“maybe there’s another way to look at it,” she begins. “what if january could be quiet and centered, a period of calm reflection when it’s too cold to go out and no one wants or expects anything social from you anyway? to me this is the ideal moment to hide in your house, cozy up near the stove and simmer a nice pot of stew. go low and slow—after all, you’ve got plenty of time this month.”
sign me up, missy!
while i set my sights on the distant shores of far-off february (when things might really turn dreary), i’ve decided to up my january game, and thus will subscribe to a slight monastic upgrade:
as a firm believer that one shouldn’t starve while immersed in abstemious mode (a fancy way to say spartan), i plan on stocking my make-believe monastery with sumptuous soups, breads so grainy they give your incisors a run for their money, and, true to time-tested friarly ways, a good vintage to wash it all down (mine will be an $8.99 prosecco from ol’ trader joe).
here’s what i’m stirring this morning:
Carrot-Leek Soup With Miso
By David Tanis* (annotations by babs)
2 tablespoons olive oil
4 cups peeled, cubed carrots (from about 6 medium carrots)
2 medium leeks, white part only, chopped
Salt and black pepper
8 cups water or vegetable broth
2 tablespoons yellow or white miso
1 small lime
Thinly sliced chives, for garnish (optional)
Heat olive in a heavy pot over medium heat. When the oil glistens or ripples (both signs that it’s hot enough), add carrots and leeks. Season generously with salt and pepper, and stir to coat well. Sauté for a minute or 2, then add broth (Tanis insists lightly salted water simmered with leeks and carrots is plenty tasty enough; count me among the not-yet-convinced). Bring to a boil over high heat, then reduce to a simmer. As soup simmers, taste and add salt as needed. Cook until carrots are soft, about 15 minutes.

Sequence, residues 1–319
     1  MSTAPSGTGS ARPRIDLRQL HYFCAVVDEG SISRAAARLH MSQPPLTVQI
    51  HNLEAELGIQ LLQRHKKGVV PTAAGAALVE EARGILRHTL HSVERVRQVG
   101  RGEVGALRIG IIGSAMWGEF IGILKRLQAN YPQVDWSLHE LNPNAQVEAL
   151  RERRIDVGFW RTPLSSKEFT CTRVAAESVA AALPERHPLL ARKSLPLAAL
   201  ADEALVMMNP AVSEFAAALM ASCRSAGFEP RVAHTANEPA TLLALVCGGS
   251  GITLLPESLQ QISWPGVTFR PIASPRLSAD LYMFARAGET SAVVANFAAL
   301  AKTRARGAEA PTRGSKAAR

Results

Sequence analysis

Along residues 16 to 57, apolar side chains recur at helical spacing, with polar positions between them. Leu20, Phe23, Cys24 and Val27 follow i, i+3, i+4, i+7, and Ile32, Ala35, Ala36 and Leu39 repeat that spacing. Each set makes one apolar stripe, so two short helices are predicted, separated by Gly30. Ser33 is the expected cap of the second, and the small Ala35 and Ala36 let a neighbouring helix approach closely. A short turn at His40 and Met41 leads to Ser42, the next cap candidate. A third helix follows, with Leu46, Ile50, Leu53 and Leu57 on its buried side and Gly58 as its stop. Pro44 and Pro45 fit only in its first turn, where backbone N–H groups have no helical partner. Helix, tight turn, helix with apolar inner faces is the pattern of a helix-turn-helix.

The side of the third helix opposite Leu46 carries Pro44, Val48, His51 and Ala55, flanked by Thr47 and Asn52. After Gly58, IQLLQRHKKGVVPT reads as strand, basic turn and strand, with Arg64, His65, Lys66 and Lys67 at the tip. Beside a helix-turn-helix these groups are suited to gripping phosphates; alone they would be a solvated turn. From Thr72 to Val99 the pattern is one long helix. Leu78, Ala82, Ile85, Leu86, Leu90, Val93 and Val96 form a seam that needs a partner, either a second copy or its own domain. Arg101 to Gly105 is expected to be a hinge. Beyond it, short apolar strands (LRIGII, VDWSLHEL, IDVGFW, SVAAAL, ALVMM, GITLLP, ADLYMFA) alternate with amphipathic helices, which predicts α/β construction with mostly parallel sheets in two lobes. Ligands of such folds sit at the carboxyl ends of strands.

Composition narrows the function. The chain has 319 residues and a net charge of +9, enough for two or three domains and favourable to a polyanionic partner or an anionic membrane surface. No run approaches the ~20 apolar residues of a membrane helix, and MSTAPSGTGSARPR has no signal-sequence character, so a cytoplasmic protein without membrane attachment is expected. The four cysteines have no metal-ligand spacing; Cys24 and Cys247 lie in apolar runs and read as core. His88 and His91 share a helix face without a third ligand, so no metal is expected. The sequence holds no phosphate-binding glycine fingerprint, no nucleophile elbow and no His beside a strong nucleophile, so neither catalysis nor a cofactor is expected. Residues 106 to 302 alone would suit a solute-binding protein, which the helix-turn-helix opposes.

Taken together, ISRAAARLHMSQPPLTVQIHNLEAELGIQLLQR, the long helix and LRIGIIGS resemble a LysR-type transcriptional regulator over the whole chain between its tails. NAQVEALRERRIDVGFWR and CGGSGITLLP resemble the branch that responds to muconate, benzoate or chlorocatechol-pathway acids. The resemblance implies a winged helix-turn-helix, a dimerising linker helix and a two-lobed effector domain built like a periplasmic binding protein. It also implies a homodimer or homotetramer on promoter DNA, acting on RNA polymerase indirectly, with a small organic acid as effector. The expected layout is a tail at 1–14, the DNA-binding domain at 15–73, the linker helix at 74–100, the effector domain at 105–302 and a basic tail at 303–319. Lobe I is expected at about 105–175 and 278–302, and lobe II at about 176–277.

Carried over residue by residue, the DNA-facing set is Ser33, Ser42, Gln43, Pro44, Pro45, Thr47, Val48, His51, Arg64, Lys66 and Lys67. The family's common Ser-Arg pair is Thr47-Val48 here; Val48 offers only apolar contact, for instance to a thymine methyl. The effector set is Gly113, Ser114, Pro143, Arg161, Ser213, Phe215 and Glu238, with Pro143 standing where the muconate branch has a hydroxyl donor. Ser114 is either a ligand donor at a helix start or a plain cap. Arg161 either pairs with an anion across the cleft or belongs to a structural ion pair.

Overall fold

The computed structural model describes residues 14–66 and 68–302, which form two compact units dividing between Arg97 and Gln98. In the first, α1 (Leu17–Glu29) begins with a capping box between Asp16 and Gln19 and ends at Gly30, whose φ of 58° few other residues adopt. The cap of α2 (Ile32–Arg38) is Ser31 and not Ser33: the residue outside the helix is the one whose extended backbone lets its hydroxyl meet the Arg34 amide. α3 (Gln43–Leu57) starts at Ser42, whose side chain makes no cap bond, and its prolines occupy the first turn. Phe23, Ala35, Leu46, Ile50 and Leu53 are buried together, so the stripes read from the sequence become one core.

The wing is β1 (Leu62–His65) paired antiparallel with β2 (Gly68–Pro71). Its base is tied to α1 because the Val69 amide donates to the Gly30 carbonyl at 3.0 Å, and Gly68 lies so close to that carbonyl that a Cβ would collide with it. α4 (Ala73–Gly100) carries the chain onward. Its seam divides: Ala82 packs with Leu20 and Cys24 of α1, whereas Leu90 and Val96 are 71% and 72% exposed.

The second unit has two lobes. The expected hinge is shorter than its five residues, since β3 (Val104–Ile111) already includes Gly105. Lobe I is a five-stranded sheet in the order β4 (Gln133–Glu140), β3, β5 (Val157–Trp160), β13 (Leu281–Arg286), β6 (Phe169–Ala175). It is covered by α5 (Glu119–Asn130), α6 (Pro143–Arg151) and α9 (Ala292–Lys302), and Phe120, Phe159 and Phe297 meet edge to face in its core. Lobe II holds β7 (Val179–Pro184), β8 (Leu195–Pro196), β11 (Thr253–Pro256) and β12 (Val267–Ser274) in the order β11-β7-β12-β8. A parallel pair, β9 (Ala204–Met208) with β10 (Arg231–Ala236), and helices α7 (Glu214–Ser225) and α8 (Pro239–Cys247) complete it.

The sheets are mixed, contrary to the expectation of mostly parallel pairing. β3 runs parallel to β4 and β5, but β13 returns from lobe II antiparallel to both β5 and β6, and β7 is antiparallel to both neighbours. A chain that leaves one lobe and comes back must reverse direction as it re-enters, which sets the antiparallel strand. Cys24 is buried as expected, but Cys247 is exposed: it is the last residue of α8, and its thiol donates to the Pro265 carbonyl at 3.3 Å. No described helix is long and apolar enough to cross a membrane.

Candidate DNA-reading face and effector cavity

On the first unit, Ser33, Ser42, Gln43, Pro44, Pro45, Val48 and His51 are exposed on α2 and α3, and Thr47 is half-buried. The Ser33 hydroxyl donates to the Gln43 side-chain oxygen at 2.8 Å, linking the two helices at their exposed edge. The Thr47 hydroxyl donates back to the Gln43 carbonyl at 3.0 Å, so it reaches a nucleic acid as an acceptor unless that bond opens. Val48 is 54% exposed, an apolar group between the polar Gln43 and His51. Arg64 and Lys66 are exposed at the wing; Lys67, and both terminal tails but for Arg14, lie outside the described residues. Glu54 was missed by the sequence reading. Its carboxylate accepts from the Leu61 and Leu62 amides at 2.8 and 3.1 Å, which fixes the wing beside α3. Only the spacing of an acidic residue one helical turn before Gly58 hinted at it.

Once the soup is cooled, reserve 2 cups liquid, then purée the remaining contents of the pot in a blender. (Alternatively, use an immersion blender in the pot.) Use reserved liquid to adjust the purée’s thickness, adding just enough so the consistency is that of a thin milkshake.
To serve, heat soup and whisk in miso. Divide among 4 bowls. Grate a little lime zest over each bowl. Quarter the lime and add a good squeeze of lime juice into each bowl. Scatter with chives, if using.
well, that was a long-winded way to bring you a root-vegetable recipe. but this space for me is what a gym might be to a gymnast. it’s where i practice my twists and turns, and aim to stick my landings. as a long-ago failed athlete, i ply no bodily tricks, and confine myself to maneuvers of nouns, verbs, and a host of dangling modifiers.
because levity is a proven balm for most ails, i’m adding a bonus here this morning, and showing you a snap of what this ol’ monk shall be wearing during her retreat from the world. if it seems i’m on some sort of new yorker binge, it’s unintentional, and pure coincidence. but the one thing i got for christmas this year was this fine pair of cat’s pajamas (new yorker cartoon cats splattered up and down legs, sleeves, and even the pockets), which arrived in the post just the other day and which i just might never take off (the ad on the new yorker shop site shows new yorkers wearing these things out and about. even in art galleries, and on the stoops of their brownstones). i solemnly vow only to wear mine inside the friary.
what’s your preferred prescription for those chunks of the year when you’re in need of deep hibernation?
p.s. thank you roz chast for your eternal and forever brilliance. new yorker cover above, by dear roz!